Recognizing Design Competition
[re]Stitch Tampa, a design challenge for Tampa’s downtown, to receive Tampa City Council commendation.
TAMPA, Fla. (June 6, 2012) – The University of South Florida competition for downtown design that attracted entries from around the world has earned one of the City of Tampa’s highest accolades.
[re]Stitch Tampa – a design challenge originated by USF Assistant Professor Shannon Bassett – has been nominated for a Tampa City Council Commendation. She will accept this award June 7 during a 9 a.m. council session being held at Old City Hall in the City Council Chambers, 315 E. Kennedy Blvd., third floor. The project was funded in part by the National Endowment for the Arts.
“This is a tremendous honor that lets us know there’s an appreciation for efforts that bring Tampa into the global design marketplace,” said Bassett. “The competition and all of the events surrounding it gave our students exposure to some of the greatest designers at work today and a wonderful introduction to the top levels of the profession.”
An internationally-renowned jury chose three winners who hailed from three continents: Europe, Asia and North America.
The first of the three winners, Mola + Winkelmueller Architekten GmbH BDA with Pablo Benitez Adame and Miguel Prados Sanchez, submitted “Re-Stitch Re-sillience.” The second. “Stitches-Fabrics” was from Mumbai, India, Chris Webb +archyrsalis. And the final winner, from New York City, Group Han Associates-Michael Chaveriat, Yikyu Choe, Myung Kweon Park, entered “Flowscape.” All three presentations can be viewed at http://restitchtampa.org/ along with the other submissions.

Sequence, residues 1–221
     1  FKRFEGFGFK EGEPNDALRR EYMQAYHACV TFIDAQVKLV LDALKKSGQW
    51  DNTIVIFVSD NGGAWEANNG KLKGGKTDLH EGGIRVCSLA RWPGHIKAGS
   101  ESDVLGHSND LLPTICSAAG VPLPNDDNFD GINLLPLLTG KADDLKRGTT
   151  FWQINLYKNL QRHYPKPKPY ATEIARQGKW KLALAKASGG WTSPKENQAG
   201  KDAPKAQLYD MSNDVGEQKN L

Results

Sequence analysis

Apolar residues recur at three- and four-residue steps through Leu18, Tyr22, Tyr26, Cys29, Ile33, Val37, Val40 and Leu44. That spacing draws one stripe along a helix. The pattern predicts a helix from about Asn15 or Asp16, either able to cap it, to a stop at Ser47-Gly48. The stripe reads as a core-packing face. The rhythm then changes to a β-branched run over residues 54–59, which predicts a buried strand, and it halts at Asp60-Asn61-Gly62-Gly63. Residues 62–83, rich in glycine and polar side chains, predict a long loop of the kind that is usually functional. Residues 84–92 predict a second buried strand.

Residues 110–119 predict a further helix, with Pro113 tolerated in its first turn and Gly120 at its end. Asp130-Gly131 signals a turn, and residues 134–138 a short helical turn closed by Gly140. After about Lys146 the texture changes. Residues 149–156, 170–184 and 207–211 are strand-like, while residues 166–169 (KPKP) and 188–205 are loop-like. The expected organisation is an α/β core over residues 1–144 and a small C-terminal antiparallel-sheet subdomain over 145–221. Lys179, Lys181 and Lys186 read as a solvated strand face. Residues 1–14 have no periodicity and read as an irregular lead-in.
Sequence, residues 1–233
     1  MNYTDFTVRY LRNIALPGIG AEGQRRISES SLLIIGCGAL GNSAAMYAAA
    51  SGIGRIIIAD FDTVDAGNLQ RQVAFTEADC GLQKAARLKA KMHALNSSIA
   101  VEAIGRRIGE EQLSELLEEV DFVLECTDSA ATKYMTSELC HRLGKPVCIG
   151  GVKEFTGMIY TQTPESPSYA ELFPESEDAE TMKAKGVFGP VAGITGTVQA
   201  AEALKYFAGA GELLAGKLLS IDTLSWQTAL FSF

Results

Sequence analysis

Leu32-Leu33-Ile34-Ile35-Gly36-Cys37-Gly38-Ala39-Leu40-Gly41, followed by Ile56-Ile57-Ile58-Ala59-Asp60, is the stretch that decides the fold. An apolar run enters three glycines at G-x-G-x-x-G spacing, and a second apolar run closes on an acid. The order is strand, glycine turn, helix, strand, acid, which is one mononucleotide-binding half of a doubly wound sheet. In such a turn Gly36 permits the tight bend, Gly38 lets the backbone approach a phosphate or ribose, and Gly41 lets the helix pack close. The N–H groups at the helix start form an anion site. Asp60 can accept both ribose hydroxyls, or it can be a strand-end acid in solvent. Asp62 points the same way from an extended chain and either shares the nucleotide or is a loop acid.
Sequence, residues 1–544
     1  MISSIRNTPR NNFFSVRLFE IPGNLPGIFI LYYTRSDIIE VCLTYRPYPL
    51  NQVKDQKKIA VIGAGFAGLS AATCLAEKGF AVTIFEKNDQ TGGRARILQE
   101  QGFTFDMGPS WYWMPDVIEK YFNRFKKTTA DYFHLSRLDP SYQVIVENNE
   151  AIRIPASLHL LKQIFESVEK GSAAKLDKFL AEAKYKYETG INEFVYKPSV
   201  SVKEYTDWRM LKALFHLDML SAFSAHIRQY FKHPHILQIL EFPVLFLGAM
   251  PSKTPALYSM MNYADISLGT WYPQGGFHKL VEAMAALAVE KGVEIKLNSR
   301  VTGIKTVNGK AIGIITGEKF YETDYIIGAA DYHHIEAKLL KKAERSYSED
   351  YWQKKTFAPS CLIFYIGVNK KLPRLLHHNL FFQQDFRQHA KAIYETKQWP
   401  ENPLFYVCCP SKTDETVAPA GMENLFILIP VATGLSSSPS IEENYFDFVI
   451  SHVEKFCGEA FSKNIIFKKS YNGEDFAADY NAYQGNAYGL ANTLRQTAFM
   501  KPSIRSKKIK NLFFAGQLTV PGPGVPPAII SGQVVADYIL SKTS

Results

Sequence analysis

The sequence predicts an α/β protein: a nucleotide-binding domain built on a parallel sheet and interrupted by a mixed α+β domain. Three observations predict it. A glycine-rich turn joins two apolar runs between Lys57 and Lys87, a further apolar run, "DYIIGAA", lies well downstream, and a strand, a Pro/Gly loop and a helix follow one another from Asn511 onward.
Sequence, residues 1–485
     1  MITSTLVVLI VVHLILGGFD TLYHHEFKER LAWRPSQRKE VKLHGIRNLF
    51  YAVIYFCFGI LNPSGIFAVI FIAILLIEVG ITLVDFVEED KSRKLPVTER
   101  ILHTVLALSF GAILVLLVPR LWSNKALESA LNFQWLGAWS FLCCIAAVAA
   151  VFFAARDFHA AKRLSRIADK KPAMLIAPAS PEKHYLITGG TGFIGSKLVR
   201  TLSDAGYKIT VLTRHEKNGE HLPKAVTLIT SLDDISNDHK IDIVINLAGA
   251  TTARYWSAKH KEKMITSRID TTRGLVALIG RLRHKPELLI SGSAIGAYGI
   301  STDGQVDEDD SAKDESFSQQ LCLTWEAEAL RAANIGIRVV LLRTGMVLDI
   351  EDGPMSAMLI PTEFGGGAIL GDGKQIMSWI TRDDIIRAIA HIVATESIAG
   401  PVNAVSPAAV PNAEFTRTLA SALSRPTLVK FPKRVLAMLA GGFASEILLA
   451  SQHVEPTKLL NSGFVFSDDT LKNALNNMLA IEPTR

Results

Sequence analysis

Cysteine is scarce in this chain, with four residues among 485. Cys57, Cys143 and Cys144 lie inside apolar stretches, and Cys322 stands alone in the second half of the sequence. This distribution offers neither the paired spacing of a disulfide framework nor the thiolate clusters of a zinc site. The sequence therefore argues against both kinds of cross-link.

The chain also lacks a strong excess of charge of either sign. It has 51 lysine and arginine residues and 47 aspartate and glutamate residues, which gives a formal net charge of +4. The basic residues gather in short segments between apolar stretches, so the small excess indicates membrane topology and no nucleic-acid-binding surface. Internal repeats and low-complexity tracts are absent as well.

“The three equal winners were comprehensive and really addressed the framework of the competition, re-thinking how the city could be re-connected to its river and how the river could be brought into the city through connective landscape and storm water infrastructure as place-making,” said Bassett.
She added that the honorable mentions had strong provocative ideas as well. “The global architectural and planning firm of Fannin+HOK Planning Group, titled ‘Shifting titled ‘Shifting Currents’ really impressed me. It proposed flooding Tampa into an island which was quite bold and captured the public's imagination.”
As an example of where open-idea competitions can lead, Bassett points to the High Line, a project she saw in New York City. This abandoned elevated rail line that runs through the city’s lower to middle West Side has been transformed into a park nearly a mile and a half in length.
“It all began with a design competition and similar proposals have shown up in Philadelphia and Chicago,” said Bassett, whose students have contributed design plans for Bradenton’s Riverwalk. “It’s very encouraging that our city is open and welcoming to new and original ideas.”
Barbara Melendez can be reached at 813-974-4563.